The thermocouples 68 and '70 are connected to a temperature averaging circuit 72 which effectively averages the current signals generated to produce a single averaged signal which corresponds to the average temperature sensed by the thermocouples in the feeder 10. The output of the temperature averaging circuit is fed to-a comparator circuit'74.

The comparator circuit 74 is also coupled to an adjustable reference signal source 76 which supplies a reference signal proportional to the temperature desired in the feeder 10. If a deviation-or difference occurs between the signal from the thermocouples and the reference signal, a so-called error signal is produced by the comparator circuit 74.

The output of the comparator circuit 74 is fed to an amplifier circuit 78 which amplifies the error signal from the comparator circuit. The output of the amplifier circuit 78 is then fed to the power circuit 66 which in turn monitors the current flow to the feeder 10, through the transformer 64 from the power supply lines 68 and 62. It will be appreciated that in certain applications of the system, the output of the power circuit may provide a feedback signal through suitable conductors 108 and 110 to the input of the amplifier 78 to effect voltage stability of the system.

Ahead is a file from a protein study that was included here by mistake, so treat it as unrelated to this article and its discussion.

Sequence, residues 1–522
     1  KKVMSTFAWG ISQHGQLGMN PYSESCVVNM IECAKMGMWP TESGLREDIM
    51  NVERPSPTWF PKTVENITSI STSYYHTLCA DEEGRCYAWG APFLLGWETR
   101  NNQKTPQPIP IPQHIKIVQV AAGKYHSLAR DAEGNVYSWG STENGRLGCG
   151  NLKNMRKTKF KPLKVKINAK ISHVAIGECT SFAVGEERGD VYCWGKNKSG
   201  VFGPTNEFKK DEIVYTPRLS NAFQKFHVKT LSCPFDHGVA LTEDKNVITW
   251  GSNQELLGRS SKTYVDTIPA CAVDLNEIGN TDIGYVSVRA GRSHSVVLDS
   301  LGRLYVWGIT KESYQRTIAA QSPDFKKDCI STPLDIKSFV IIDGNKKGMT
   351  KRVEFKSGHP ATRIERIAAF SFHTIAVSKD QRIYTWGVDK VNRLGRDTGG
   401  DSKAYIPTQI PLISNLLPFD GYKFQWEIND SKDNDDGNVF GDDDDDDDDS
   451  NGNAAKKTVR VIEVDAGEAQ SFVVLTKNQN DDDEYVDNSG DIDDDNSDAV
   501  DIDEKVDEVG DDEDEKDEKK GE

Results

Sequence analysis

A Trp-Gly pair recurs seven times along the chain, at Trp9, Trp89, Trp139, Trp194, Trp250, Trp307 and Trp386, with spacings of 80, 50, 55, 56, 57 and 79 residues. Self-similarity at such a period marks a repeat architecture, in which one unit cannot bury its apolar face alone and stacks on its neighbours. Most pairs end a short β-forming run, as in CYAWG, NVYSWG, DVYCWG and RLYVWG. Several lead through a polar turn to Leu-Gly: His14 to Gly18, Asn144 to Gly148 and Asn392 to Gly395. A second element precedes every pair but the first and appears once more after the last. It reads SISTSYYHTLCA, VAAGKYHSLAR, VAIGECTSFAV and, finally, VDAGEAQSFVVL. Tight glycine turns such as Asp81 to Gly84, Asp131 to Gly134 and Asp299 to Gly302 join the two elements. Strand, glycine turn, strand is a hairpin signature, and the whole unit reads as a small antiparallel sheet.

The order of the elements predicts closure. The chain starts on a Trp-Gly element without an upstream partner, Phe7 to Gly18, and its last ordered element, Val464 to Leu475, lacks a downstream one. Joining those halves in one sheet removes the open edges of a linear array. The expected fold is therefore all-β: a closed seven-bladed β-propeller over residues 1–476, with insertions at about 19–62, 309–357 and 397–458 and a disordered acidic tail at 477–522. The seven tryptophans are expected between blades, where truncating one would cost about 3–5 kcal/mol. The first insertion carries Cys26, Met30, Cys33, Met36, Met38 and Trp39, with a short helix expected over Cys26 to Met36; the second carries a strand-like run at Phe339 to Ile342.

Very briefly, in the operation of the system, the temperature of the feeder or bushing 10 is measured or sensed by the thermocouples and the averaged output signal therefrom is compared to a reference signal from the signal source 76. If a deviation between-the measured value 1 and the reference value exists, the power circuit 66 is commanded to readjust the current flow to the transformer 64, thus maintaining the temperature of the feeder at the desired point.

FIGURE 2 illustrates the power circuit 66 in clear' and concise detail. The input to the circuit appears as a DC potential across conductors 80 and 82 and is fed to the control winding of a magnetic amplifier stage 84.